Operation Condor

The Jewish billionaire hedge fund terrorist Paul Singer has been likened by his critics to a vulture. They describe his twisted financial games as “vulture capitalism.”

The vulture’s biggest relative is the Andean condor, the biggest bird of prey in the world. It is perhaps fitting that its name was chosen for Operation Condor, a campaign of political repression involving intelligence operations, coups, and assassinations of left-wing sympathizers, liberals, and democrats and their families in South America.

Operation Condor was formally created in November 1975, when Augusto Pinochet’s spy chief, Manuel Contreras, invited 50 intelligence officers to the Army War Academy on La Alameda, Santiago’s central avenue. Officers came from Chile, Uruguay, Argentina, Paraguay, Bolivia, and Brazil, which comprised the right-wing dictatorships of the Southern Cone of South America. The United States was a frequent collaborator and financier of the covert operations. France was allegedly involved, too, though it denies involvement.

A Jewish Affair ˆ

That’s what we’re told by Wikipedia and ChatGPT, but I’m a little skeptical. Did these South American goons really create Operation Condor on their own? The sordid affair reeks of Jews and the CIA. Still, it is possible that it began as a South American conspiracy that simply enlisted the help of the CIA and some really creepy Jews.

The most prominent of the latter was U.S. Secretary of State Henry Kissinger, a megalomaniacal Jew who ranks as one of modern history’s biggest monsters. Honorable mention goes to the Jewish economist Milton “Screw’em Hard” Friedman, who was harshly criticized when he visited Chile after it had been struck by a military coup starring the bloody dictator Augusto Pinochet.

Operation Condor’s secrecy makes it difficult to precisely measure the damage. However, estimates of the death toll range to 60,000 or more, including up to 30,000 in Argentina, where the clandestine operations contributed to the “Dirty War.” Some estimate that 50,000 people were killed, 30,000 disappeared, and 50,000-80,000 imprisoned. The less fortunate victims were tortured before they were killed.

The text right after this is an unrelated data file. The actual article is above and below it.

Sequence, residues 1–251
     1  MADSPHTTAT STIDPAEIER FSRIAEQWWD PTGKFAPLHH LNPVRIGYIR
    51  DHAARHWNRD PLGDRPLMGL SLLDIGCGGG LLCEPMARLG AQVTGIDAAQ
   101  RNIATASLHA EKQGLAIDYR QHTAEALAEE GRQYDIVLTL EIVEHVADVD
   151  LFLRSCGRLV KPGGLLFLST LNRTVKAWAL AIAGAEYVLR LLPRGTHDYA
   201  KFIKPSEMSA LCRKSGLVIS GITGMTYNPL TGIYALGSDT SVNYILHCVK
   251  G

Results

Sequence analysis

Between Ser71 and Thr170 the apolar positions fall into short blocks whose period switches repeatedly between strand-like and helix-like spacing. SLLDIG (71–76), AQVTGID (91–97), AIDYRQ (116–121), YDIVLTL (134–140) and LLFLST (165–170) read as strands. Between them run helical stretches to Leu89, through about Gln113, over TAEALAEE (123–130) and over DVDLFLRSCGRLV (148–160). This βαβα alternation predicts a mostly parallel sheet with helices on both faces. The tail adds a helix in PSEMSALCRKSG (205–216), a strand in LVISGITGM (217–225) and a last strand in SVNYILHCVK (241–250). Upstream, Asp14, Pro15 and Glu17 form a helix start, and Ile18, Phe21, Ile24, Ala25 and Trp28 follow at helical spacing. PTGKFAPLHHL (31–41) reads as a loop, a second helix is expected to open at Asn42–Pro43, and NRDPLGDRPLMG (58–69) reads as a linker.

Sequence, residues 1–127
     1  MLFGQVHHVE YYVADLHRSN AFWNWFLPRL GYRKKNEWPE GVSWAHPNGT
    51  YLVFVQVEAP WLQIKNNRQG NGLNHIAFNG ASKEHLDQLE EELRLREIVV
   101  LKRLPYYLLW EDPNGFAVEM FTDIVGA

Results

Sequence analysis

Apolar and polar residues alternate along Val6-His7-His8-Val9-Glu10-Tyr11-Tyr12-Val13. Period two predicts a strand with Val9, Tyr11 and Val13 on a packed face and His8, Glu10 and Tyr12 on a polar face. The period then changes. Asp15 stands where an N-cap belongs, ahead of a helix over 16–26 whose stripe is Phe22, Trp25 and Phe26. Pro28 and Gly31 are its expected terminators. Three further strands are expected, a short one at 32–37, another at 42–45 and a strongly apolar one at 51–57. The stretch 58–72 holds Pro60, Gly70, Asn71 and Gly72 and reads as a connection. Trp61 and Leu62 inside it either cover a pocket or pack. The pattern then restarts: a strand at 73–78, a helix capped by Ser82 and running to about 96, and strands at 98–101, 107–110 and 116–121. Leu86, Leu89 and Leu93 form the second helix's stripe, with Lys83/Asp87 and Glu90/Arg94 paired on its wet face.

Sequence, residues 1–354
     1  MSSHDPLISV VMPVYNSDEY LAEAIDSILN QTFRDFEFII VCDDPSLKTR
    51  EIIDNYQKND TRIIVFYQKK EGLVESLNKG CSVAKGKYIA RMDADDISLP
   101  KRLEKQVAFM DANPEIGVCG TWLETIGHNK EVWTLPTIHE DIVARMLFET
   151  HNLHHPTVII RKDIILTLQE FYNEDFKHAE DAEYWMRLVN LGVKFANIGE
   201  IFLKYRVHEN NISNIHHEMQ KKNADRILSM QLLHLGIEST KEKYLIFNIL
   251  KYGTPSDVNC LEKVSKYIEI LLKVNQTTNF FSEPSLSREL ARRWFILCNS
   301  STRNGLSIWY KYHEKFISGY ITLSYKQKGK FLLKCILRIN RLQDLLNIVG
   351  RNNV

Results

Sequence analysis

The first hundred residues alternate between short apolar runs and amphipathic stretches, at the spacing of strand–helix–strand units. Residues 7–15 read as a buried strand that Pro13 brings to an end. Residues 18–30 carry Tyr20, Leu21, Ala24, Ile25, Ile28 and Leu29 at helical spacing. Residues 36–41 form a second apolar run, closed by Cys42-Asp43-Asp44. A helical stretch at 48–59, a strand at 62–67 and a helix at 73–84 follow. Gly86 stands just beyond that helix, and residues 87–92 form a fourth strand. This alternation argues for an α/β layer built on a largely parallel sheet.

Victims included dissidents and leftists, union and peasant leaders, priests, monks and nuns, students and teachers, intellectuals, and suspected guerrillas such as prominent union leader Marcelo Santuray in Argentina or journalist Carlos Prats in Chile.

Chilean Nightmare ˆ

Salvador Allende was a Chilean socialist politician whose career is eerily similar to that of his African counterpart, Patrice Lumumba. He has been described as the first Marxist to be elected president in a liberal democracy in Latin America. Unfortunately, he only served from 1970 until 1973, when his government was toppled by a military coup. Allende committed suicide as an orgy of state-sponsored terrorism descended on Chile.

Among the more familiar victims of Augusto Pinochet’s inquisition was a famous singer named Victor Jara. A teacher, theater director, poet, songwriter, and Communist political activist, Jara was a very influential figure in both the arts and politics.

Shortly after the September 11 coup, Jara was arrested. He was tortured and interrogated before his body was riddled with machine gun fire.

Such atrocities didn’t stop notable Jewholes like Henry Kissinger and Milton Friedman from visiting Pinochet’s Chile. Even more amazing, Kissinger—who played a starring role in the United States’ Southeast Asian apocalypse—was awarded the Nobel Peace Prize on October 16, 1917.

A Jewish Merry-Go-Round ˆ

Eventually, South America’s right-wing dictatorships began to collapse, returning their countries to a relative sense of normalcy. Ironically, Argentina’s economy would later be torpedoed by Paul Singer, a Jewish billionaire who is commonly depicted as a vulture. The installation of the mad dog Jew Javier Milei as Argentina’s pResident in December 2023 was yet another reminder that it can happen again.

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